The Lowdown: Touted as a supergroup when their debut longplayer, Invitation, appeared in 2017, Filthy Friends appeared much less just like the gathering of bloated egos that phrase implies and extra like an group of environment friendly professionals. Led by singer Corin Tucker of Sleater-Kinney and former R.E.M. guitarist Peter Buck, the quintet’s grown-up (i.e., less-abrasive) tackle storage rock clearly boasted a powerful pedigree, whereas fellow guitarist Kurt Bloch, bassist Scott McCaughey, and drummer Invoice Rieflin had all crossed paths with Buck in quite a few ventures, amongst them The Minus 5, The Baseball Venture and Robyn Hitchcock’s Venus 3. The band have confronted adjustments since: McCaughey suffered a stroke, although he’s now recovered and again in motion, and Rieflin left the fold, to get replaced by Linda Pitmon.
The Good: Corin Tucker’s large, clear voice would improve any setting — in an alternate actuality, she could be a kd lang-style chanteuse — and when all of the items match on Emerald Valley, few performers are extra stirring. The slow-burning gem “November Man” finds her calling out a cartoonish political villain “with hair of gold” who speaks “phrases so chilly” (no factors for guessing the inspiration) as a tangle of soiled guitar noise amplifies the sense of creeping dread, pushing Tucker to dramatic heights Patti Smith would admire. Using a wave of indignant desperation, she shouts and snarls to thrilling impact on the frantic “Final Likelihood County”, a surreal account of heading to a dead-end job on a bus whose wheels are “rotten, filled with pus.” Unhealthy instances have hardly ever sounded so cool. After these anxious epics, the beautiful ballad “Hey Lacey” closes Emerald Valley on a observe of badly wanted tenderness.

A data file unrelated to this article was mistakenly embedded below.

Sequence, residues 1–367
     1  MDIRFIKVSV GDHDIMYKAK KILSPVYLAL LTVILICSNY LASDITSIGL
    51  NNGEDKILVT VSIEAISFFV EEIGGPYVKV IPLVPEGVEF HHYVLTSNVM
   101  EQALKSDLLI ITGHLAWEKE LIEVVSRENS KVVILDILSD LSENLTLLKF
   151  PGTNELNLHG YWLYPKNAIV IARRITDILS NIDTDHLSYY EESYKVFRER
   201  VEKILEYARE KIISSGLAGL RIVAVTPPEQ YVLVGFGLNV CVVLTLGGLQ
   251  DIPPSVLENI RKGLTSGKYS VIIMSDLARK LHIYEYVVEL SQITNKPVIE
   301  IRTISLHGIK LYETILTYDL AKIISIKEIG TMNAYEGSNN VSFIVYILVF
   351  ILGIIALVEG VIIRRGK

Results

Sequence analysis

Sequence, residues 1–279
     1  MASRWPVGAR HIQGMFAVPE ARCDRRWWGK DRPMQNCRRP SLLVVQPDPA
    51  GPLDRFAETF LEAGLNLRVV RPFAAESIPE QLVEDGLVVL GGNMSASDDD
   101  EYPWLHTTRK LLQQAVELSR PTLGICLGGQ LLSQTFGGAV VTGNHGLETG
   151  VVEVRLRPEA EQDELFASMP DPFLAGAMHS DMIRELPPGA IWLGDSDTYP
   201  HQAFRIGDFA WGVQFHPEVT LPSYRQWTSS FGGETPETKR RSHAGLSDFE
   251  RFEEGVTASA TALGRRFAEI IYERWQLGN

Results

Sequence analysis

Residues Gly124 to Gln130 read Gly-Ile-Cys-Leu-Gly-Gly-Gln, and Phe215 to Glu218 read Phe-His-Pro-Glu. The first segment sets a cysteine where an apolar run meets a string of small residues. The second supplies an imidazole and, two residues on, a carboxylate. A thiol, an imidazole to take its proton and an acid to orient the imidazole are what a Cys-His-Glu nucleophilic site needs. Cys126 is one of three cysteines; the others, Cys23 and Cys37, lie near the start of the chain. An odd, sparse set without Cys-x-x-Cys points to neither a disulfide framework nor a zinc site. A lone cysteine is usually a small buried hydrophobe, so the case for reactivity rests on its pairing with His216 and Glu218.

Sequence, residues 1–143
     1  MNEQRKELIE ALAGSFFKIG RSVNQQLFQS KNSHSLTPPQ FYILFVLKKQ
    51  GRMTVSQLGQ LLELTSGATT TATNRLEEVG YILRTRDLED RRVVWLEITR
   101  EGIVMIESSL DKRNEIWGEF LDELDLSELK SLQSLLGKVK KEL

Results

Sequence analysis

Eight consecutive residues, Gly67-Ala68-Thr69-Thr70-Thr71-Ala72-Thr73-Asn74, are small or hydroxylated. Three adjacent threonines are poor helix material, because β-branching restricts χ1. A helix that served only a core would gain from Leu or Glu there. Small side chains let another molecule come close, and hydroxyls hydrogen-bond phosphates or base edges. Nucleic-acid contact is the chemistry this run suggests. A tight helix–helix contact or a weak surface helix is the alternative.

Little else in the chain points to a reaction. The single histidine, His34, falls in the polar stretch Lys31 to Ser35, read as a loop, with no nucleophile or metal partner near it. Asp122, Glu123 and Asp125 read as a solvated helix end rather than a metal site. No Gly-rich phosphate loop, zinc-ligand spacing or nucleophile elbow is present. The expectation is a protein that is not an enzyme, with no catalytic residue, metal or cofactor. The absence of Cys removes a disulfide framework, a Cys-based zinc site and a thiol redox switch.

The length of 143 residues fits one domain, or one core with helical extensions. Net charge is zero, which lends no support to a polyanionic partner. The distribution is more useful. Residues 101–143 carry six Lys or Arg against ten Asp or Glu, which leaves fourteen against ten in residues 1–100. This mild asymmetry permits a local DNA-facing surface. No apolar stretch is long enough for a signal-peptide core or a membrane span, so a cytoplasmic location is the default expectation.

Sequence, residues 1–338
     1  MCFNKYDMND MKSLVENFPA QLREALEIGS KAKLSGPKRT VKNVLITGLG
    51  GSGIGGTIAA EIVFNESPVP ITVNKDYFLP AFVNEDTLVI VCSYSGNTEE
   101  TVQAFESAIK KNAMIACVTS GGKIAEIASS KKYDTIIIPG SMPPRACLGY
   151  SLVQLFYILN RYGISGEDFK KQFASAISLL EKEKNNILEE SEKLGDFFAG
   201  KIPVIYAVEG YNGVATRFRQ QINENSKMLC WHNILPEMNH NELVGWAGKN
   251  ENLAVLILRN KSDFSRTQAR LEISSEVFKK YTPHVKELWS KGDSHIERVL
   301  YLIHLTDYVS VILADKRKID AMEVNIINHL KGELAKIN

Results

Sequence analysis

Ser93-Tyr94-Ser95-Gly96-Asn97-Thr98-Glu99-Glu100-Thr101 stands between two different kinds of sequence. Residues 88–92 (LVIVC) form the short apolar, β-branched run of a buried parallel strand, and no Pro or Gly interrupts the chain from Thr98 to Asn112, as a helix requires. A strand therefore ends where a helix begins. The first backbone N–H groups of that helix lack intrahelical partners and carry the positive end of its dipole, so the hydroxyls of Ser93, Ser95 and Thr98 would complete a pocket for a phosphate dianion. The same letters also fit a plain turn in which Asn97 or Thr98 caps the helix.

The Unhealthy: Some songs really feel like tough drafts that may have benefited mightily from revisions. Pondering social and environmental crises, Tucker expresses admirable sentiments in pedestrian methods, observing, “Spoil the land and the folks can’t reside” on “Pipeline”, noting, “Too many discover they’ve nowhere to go,” because of gentrification, in “One Flew East”, and lamenting the plight of immigrant “youngsters separated from their mother and father’ sides” on “Angels”. The music of those preachier tunes tends to be equally flat, with gentle melodies verging on blandness.
The Verdict: Regardless of the erratic materials, Emerald Valley has moments of spine-tingling brilliance that shouldn’t be missed. As different tasks compete for his or her consideration — Sleater-Kinney for Tucker, any variety of collaborations for Buck — right here’s hoping they reconvene for an additional go and spend extra time on the writing once they do.
Important Tracks: “Final Likelihood County”, “November Man”, and “Hey Lacey”
Purchase: Take a look at Filthy Buddies vinyl here.